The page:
Metal Stamping

Three custom products made using metal stamping process

Custom Press Metal Prototypes

At Formero, we pride ourselves on being able to produce top quality metal stamping parts, ranging from electronics housings to custom fabricated and welded assemblies. We supply press metal prototypes and end-use parts to range of industries in Australia and New Zealand working directly from your CAD files. Supplying quantities as low as one or as high as several hundred.

If you need higher quantities, we can create production tooling, progressive dies, and assembly fixtures.

Our highly-experienced project managers will help work with you to understand your prototype and production needs and we’ll walk you through the available materials and processes to get you your parts on time and within specification every time.

Materials Available:

  • Aluminium
  • Steel
  • Stainless Steel
  • Copper
  • Brass
  • Galvanised & Galvanneal steel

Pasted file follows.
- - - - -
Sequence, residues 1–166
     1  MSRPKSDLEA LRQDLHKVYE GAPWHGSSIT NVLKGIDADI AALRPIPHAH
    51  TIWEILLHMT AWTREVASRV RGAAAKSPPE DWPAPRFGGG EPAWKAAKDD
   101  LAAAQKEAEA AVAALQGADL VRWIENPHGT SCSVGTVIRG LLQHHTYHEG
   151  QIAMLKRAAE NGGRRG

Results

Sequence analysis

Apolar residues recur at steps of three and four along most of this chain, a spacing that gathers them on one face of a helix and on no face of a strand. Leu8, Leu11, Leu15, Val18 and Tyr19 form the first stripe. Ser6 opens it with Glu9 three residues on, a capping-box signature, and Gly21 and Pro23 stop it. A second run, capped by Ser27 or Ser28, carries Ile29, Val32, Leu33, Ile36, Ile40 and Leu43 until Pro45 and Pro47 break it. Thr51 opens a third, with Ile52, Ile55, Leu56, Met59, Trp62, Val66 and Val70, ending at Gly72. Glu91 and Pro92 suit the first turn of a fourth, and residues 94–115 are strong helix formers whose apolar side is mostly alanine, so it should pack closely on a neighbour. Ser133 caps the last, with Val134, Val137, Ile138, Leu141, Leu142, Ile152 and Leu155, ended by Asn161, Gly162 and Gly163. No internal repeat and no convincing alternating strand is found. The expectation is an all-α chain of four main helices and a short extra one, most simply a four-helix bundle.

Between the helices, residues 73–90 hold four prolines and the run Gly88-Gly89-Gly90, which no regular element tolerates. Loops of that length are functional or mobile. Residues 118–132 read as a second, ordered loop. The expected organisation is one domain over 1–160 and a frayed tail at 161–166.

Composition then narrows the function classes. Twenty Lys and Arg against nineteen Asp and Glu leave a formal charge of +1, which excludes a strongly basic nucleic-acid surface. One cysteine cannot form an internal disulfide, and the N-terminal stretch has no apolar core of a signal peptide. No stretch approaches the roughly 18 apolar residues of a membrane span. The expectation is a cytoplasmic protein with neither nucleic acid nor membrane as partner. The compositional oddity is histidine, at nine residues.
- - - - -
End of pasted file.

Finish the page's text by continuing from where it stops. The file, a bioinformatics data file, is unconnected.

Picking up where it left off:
• Low Carbon Steel
  • Tinplate SPTE
  • Beryllium Copper (C1720)
  • Nickel Silver (C7521)
  • Phosphor Bronze (C5191)
  • Spring Steel (SK7 and SK5)
  • Hot-Rolled Steel (SPHC).

Download: Metal Stamping Design Guide

custom product made using metal stamping process
custom disc product made using metal stamping process

Processes


Stamping is a cold-forming method that transforms flat metal blanks into various shapes. The process uses a tool and die, which when impacted changes the form of the metal through the use of pressure. Stamping can be understood as a broader term within sheet metal fabrication and encompasses punching, bending, as well as embossing and flanging, which entails swiping the sheet of metal in such a way to form flanges.

Bending is achieved using press brakes, rolling machines and other equipment, which create standard shapes such as U-bends or V-bends.

Punching is a technique used to created holes in a metal sheet. The method relies on a punch and die (often made from a hard metal), which use shear force to perforate holes into the metal sheet.

Welding can be achieved using a range of methods, including stick welding, MIG and TIG. Welding is only necessary if a product is made up of two or more separate components. Once parts are joined they can be finished using a variety of post-processing methods, such as powder coating, anodising and bead blasting.

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